Using with 3D object’s

TexturePacker standalone is available for download here:


The TexturePacker Unity extension is available here:





Creating the Texture Atlas:

For the first tutorial, we’ll pack textures for our scene (Assets are available in the TexturePacker Extension package under Assets/Extensions/TexturePacker/Tutorial/Art/AtlasSource).

Open TexturePacker, and simply drag the textures inside. Now let’s configure our atlas.


Output Options

  • Data Format: Unity3D
  • Data File: YourProject/Assets/Resources/TutorialAtlas_data.txt Texture File: YourProject/Assets/Resources/TutorialAtlas.png
  • Texture Format: png


Geometry Options

  • Check the “Force Squared” toggle


Layout Options

  • Algorithm: MaxRect (Full version only) or Basic (available in the free version)
  • Allow Rotation: checked (Full version only) unchecked (free version)
  • Trim mode: none (Trim mode is only supported for GUI rendering)


Note: I have described most optimal options, but you can experiment with TexturePacker option to get the best result for your atlas.

Next, press the Publish button. Your altas should look like this:


Free version:


Paid version


Atlas is ready, so we need material for it.


In The Resources Folder Create->Material. Set material name as TutorialAtlasMaterial, attach TutorialAtlas.png as main material texture and change shader to Transparent->Diffuse.

Note: The material will be created automatically by Asset Processor editor script. But you can create any number of other materials with different shader for atlas.


Using the texture atlas with a model:

Using the texture atlas with a model:



It already has a texture and a material assigned. Replace this with a texture from the atlas:

  1. Select the sword_01 game object (the one with the MeshRenderer component attached).

  2. Attach TPMeshTextureEx component (TPHelper component will be added automatically)

  3. Choose Atlas and Texture in TPHelper menu

    • Atlas: TutorialAtlas

    • Texture: sword_01_dif



The sword is now using the texture from the atlas.

Note: Do not attach TPMeshTexture component, it will cause component loops if you replace TexturePacker.dll. Use it only for extending.


Using the atlas with skinned model

The usage is similar to a simple model.

  1. Select the sword_01 game object (the one with the SkinnedMeshRenderer component attached).

  2. Attach TPSkinnedMeshTextureEx component (TPHelper component will be added automatically)

  3. Choose Atlas and Texture in TPHelper menu


Play an animation from the atlas:

This approach is only useful if you want play animation on YOUR mesh (not simple plane). Trim / Crop is not supported with this approach. If you just want to play animation on plane from atlas, please follow Creating Sprite Animation steps. It has additional features implemented as:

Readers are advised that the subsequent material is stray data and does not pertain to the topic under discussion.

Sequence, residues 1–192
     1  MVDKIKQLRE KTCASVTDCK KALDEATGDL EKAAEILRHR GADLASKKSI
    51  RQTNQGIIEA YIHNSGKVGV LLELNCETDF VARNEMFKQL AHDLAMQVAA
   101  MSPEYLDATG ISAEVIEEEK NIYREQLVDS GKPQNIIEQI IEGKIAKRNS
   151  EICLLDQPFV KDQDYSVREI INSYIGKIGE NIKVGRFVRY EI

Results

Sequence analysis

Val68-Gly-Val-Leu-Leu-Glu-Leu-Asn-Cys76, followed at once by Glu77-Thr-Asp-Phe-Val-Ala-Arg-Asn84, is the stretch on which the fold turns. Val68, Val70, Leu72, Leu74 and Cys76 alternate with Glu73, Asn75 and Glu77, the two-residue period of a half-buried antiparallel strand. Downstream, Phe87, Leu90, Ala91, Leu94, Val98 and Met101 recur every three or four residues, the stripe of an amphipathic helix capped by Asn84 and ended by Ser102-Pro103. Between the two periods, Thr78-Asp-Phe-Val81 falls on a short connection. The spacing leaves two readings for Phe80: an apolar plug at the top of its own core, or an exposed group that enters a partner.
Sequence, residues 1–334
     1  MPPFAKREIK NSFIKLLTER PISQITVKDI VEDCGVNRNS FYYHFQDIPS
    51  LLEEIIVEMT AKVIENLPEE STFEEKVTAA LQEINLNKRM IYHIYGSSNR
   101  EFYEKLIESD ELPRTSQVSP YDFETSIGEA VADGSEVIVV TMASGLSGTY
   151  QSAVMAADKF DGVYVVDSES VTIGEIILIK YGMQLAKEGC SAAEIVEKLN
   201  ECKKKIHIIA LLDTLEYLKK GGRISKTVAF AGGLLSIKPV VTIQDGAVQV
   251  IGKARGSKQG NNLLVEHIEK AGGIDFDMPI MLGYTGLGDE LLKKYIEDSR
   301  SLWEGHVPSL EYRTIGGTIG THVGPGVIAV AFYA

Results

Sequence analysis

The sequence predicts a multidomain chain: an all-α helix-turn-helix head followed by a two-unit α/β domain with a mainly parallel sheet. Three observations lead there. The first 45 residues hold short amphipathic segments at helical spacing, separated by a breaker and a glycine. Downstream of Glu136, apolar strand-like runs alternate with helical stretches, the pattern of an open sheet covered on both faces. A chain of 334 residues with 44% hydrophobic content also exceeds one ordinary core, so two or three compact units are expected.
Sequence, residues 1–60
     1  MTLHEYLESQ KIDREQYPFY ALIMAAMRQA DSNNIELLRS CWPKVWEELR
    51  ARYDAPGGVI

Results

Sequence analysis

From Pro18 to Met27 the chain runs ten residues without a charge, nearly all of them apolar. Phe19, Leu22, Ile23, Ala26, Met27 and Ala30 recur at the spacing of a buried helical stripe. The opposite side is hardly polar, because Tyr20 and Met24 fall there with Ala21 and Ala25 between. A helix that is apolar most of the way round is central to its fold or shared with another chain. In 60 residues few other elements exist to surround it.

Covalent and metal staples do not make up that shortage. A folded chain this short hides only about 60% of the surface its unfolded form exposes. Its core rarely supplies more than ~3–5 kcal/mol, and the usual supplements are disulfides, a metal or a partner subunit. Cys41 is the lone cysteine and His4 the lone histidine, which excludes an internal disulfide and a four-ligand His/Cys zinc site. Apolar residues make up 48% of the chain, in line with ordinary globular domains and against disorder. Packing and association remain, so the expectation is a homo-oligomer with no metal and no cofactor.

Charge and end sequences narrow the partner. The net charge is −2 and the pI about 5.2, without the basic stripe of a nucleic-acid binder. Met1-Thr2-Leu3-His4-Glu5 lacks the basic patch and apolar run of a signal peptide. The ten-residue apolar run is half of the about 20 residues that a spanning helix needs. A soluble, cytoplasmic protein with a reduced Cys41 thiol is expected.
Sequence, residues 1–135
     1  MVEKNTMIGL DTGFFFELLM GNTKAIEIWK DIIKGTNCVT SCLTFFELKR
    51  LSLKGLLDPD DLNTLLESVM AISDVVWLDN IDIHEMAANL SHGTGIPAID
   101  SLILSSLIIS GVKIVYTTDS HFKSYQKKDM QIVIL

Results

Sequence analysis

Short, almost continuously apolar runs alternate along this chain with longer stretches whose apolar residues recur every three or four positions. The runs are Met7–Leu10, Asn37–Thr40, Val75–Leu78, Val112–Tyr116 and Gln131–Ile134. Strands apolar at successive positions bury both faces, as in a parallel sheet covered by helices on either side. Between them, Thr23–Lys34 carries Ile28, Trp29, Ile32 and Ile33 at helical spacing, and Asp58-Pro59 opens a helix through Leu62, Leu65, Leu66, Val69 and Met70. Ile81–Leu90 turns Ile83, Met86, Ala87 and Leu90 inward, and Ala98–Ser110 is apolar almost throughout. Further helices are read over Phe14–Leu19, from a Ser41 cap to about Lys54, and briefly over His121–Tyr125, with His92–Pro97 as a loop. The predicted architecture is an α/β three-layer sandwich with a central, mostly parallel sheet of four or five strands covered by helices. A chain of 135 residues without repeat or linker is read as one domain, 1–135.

• Trim / Crop support
  • Animation can contain frames from different atlases.


For the next tutorial, we will play an animation from the texture atlas on a cube:

  1. Create a cube in the scene by selecting GameObhect->Create Other->Cube

  2. Change the material on the cube to TutorialAtlasMaterial

  3. Attach a TPMeshAnimation component

  4. Configure the TPMeshAnimation component options as follows:

    • Atlas: TutorialAtlas

    • Frames: add 6 frames fireball_0001, fireball_0002, fireball_0003, fireball_0004, fireball_0005, fireball_0006


The component should look like this:



Now press play and you will see fireball animation playing on the cube. You can try other meshes and experiment with different TPMeshAnimation options.

You always can automate this process using extensions, there are a few examples of how do this inside the package. See the MyFireAnimation, MyTeslaAnimation, and MyMeshTexture classes.

The complete scene can be found at Assets/Extensions/TexturePacker/Tutorial/Scenes/AtlasesAnim


For this scene was used only one atlas, that’s why whole this scene with almost 100 objects and 50 animations has only 1 Draw Call. 1 Texture and 1MB of memory





Let's look at the optimization of weight in this example.

We have only one texture for the whole stage, which is already good benefit,  but we can squeeze even more.

size of our texture is 754*754, if we choose RGBA 32 compression it will weight 2.2 MB

But if we will set PVRTC compression and stretch  texture to the 1024 * 1024 (compression work only with POV2 textures) It will weight only 1MB. And if you do not mind some quality lost, Unity3d can scale it to 512 *512 so it weight becomes only 256KB. Try it.

By the way, you can use POV2 texture packer options to always see how much texture you can add to your atlas.

Lear more about Draw Call Batching.